Since HS2’s remit was set, large-region transport and economic regeneration bodies have emerged. Transport for the North (TfN) is likely to be the first to gain statutory powers – and a budget to oversee. For TfN, a key aim is to transform the links between the main northern cities. The busiest city-city connection is Sheffield-Leeds and phase 2b is shaping up to enable the ambition of a 30-minute centre-to-centre journey time to be met – hopefully with a four trains/hour service over this part of the HS2 route.

This may seem a modest achievement compared with the transformational journey time savings HS2 brings on routes from northern cities to London and Birmingham. But it represents a valuable broadening of the benefits that HS2 provides, as sought for by its chairman, Sir David Higgins, three years ago. 

Next in line as a statutory sub-national transport body is Midlands Connect, embracing the east and west Midlands. HS2 phase 2b ought to be able to provide a transformation in Birmingham-Nottingham connectivity, but current plans fall short. Midlands Connect is seeking a large-scale time reduction on today’s tedious rail journey: 1h14mins between the largest cities of the west and east Midlands respectively.

Using the planned HS2 station at Toton doesn’t cut the mustard, what with a 30+ minute tram connection to Nottingham city centre or a transfer to some sort of heavy rail connecting shuttle service. The travel market would remain on the parallel M42/A42. But there is the possibility of a southern connection to the Midland Main Line where the HS2 route crosses it (at East Midlands Parkway). This could offer fast Birmingham-Nottingham (and Birmingham-Derby) rail connections. Additional cost would be a factor, but then the cost of a major new station at Toton could perhaps be saved.

There is a choice in train service philosophy emerging here with phase 2b. Once a view is taken that this new route, which has spare capacity, should meet within region as well as to/from London connectivity aims, the case for direct city centre (rather than parkway) access becomes clear.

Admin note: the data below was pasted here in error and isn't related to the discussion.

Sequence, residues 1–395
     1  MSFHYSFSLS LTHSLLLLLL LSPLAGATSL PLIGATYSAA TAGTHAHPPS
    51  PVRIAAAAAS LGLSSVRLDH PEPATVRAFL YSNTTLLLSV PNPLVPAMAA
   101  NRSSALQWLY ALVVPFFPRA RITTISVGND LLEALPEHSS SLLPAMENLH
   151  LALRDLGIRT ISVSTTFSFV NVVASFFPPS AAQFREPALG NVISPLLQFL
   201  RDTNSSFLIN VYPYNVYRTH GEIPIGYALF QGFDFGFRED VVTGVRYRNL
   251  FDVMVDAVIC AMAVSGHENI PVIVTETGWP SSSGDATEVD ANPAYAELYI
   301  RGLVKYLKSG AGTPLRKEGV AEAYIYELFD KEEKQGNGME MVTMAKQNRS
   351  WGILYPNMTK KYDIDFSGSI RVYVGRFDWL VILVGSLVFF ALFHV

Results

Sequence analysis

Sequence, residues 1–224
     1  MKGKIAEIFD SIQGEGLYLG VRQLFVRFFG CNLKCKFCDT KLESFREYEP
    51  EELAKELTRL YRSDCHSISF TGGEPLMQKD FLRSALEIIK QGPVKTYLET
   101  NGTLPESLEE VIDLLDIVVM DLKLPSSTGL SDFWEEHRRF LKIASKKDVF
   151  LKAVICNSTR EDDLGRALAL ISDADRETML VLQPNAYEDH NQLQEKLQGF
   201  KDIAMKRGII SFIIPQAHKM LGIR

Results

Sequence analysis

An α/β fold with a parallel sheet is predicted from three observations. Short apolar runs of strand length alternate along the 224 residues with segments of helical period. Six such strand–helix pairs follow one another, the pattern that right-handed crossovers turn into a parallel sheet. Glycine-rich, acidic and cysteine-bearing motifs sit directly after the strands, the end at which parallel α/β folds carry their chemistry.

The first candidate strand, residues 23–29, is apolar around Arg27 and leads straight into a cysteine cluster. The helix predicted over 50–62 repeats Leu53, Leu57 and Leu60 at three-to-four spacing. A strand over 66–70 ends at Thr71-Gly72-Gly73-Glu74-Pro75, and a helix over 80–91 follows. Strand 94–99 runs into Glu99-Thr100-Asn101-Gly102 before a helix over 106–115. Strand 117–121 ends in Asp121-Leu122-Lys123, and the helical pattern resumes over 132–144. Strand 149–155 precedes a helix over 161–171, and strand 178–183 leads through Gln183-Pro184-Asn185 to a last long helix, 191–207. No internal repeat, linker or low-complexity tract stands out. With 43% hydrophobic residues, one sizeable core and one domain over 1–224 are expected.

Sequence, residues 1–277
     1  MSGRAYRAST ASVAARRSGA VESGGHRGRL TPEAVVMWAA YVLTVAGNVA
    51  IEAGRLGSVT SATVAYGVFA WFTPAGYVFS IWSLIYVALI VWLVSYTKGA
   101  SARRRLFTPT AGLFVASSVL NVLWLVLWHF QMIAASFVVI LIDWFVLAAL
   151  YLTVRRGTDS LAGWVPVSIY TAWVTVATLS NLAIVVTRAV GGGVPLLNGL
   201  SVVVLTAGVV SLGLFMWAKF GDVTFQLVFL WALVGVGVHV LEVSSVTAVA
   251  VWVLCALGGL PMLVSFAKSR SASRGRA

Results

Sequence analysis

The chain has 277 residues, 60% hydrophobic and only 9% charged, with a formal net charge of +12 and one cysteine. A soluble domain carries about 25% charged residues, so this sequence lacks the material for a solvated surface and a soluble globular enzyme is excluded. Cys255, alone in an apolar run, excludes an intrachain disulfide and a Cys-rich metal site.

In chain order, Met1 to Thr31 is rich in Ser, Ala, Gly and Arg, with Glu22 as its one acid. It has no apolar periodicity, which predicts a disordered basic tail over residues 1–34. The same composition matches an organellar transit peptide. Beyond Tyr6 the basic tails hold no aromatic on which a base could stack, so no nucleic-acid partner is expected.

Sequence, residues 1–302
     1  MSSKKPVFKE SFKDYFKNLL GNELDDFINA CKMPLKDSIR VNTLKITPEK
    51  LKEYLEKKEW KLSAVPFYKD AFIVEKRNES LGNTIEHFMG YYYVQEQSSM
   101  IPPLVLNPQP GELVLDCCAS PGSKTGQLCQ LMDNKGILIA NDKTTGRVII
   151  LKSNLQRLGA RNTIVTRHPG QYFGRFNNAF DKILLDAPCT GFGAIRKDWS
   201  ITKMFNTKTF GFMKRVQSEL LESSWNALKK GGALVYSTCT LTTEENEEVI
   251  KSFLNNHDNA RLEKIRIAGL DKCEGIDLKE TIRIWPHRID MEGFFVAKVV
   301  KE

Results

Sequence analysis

Now is the time to address these questions because later this year phase 2b will start a two-year environmental assessment process.

In conclusion: 2017 marks a huge step forward for HS2. Phase 1 powers signal the start of the delivery phase. Phase 2a will start its passage through Parliament and outstanding decisions on phase 2b could help broaden its value and support across the regions.


Rugster   29/04/2017 at 07:49

2b is a complete waster of time for Sheffield unless they tunnel into Midland. The whole scheme shows the institutionalised 'racism' of the southern elites against northerners. They spend money like drunken sailors down south, tunnelling got fun, then the first time in years sheffield gets any sniff of a major infrastructure project, the main emphasis is spending as little as possible and we end up with a total dogs dinner. Absolutely disgusted.

Graham Nalty   02/05/2017 at 18:22

Birmingham to Derby will always be faster via the current line than HS2, but Birmingham to Nottingham via HS2 is most necessary to oil the wheels of the Midlands Engine. Well done Jim Steer in suggesting that the station proposed for Toton is not necessary. 'Current plans fall short' is perhaps a bit of understatement." And well said Rugster about Sheffield. Why is it that HS2 Ltd. is doing its utmost to avoid making Sheffield a major interchange on HS2. The benefits to the North would be enormous.